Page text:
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1. Attempting to reconcile two very distinct cultures which is, often times, difficult.
In other words “too black for the nerdy kids, but too nerdy for the black kids.”
2. When people realize you’re not the “cool black kid” of lore.
Sorry guys. My input on what’s going on in hip-hop culture is severely limited.
4. Dealing with the people who expect you to always have strong feelings on the casting of traditional superheroes as POC.
5. And when they realize you actually like the original Peter Parker, they treat it as if you’ve disrespected your people.
Just because I don’t care that the next Spider-Man is black doesn’t mean I don’t support the cause, people.
6. The realization that there are not a lot of POC options to cosplay as.
7. So you say “Fuck it,” and just do you.
8. Having to call out people for making racist slurs on Xbox Live is just a typical day.
9. Not to mention the racist remarks on online forums and in fan chat rooms.
10. And you always have a weird sense of camaraderie with any other POC at conventions.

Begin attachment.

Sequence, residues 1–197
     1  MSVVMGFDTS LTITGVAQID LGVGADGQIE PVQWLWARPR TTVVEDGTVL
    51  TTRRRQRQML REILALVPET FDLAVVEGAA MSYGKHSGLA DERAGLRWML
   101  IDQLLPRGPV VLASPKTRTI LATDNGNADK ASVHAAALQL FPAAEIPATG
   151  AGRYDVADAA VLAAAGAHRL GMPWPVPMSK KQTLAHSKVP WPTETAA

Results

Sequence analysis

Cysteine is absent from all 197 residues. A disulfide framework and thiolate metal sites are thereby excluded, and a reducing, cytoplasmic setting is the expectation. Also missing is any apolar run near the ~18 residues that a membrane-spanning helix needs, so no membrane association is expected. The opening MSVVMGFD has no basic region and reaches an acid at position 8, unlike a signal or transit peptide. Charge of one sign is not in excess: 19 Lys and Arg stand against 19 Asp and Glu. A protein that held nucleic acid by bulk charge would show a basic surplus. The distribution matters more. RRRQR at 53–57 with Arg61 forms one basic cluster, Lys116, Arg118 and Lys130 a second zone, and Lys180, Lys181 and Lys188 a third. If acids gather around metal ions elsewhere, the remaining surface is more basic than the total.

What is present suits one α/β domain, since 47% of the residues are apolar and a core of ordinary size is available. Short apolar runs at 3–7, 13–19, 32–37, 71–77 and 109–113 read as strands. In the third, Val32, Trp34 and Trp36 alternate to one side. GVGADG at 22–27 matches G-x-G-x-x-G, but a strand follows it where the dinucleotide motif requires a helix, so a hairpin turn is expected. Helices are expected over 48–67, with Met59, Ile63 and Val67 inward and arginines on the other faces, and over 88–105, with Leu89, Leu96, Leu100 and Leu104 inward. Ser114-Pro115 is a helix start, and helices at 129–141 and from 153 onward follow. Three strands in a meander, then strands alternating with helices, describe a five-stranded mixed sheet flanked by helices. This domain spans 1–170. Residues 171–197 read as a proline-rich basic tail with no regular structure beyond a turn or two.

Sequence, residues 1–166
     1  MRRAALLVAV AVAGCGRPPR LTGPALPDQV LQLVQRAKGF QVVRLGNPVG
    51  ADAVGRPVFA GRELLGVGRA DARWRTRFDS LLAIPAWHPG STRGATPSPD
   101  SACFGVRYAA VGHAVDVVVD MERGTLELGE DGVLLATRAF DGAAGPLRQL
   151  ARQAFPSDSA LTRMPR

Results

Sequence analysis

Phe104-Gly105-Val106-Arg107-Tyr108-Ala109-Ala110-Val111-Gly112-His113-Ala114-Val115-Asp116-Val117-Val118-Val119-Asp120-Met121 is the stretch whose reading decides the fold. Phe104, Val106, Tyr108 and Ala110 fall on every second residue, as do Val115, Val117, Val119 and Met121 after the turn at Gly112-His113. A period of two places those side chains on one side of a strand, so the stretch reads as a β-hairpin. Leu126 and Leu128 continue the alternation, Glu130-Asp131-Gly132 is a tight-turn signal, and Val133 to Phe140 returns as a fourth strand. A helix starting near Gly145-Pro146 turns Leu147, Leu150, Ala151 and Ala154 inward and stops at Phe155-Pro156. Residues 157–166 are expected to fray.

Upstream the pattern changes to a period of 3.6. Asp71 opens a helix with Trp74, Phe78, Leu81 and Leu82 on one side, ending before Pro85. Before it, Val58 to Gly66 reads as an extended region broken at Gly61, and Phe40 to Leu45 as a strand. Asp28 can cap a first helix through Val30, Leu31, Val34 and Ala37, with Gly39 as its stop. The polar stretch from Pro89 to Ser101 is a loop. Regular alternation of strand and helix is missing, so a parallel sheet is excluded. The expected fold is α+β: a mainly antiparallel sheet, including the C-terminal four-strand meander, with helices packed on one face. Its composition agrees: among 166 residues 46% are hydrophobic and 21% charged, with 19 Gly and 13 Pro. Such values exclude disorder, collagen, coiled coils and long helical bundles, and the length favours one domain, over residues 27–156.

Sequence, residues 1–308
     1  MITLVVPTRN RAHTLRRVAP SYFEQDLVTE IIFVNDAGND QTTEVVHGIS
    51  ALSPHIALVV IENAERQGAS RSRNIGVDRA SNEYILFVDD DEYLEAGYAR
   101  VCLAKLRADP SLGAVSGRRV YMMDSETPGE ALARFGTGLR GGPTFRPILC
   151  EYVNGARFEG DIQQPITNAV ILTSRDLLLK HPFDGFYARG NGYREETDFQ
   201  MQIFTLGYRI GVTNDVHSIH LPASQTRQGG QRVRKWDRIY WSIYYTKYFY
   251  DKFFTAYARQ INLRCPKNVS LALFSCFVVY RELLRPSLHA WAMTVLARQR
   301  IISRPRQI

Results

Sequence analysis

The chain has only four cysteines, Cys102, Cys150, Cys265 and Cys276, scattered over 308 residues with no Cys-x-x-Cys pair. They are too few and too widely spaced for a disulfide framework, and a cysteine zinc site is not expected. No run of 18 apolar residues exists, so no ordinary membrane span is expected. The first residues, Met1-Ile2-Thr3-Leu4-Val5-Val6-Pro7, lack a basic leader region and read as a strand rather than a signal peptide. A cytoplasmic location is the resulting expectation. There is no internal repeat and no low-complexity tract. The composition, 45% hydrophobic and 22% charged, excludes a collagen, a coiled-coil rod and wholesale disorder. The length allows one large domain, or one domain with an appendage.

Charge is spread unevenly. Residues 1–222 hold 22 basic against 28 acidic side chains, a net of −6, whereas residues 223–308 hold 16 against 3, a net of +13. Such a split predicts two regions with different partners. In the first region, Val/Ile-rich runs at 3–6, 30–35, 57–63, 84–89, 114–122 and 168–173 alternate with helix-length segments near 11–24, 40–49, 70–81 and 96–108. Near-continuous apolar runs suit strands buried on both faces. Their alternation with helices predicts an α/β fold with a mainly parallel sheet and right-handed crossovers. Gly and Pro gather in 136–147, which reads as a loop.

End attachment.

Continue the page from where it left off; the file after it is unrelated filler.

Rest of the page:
11. You have to bite your tongue when people insist that historically, black people wouldn’t be in things like Lord of the Rings.
12. Or assume that the black character in a series must be your favorite.
13. Then there are those times when you read a novel and imagine a character as a POC…
14. … but then you watch the movie and realize they’re actually white.
15. Or worse, when you know a character’s a POC, but the movie casts them as white anyway.
16. Then you notice that every main character in a video game is white.
17. POC superhero figures were so few that seeing them at all made a huge impact on you as a kid.
18. Which made meeting your childhood POC idols the greatest treat because of how much they made you believe that you could be special, too.
19. It’s always upsetting when you watch all the POC die or leave your favorite show.
21. But you can’t deny the comradeship that comes with being a part of the blerd community.
Thumbnail photo credit: Warner Brothers Television via http://starcrush.com/then-now-alfonso-ribeiro/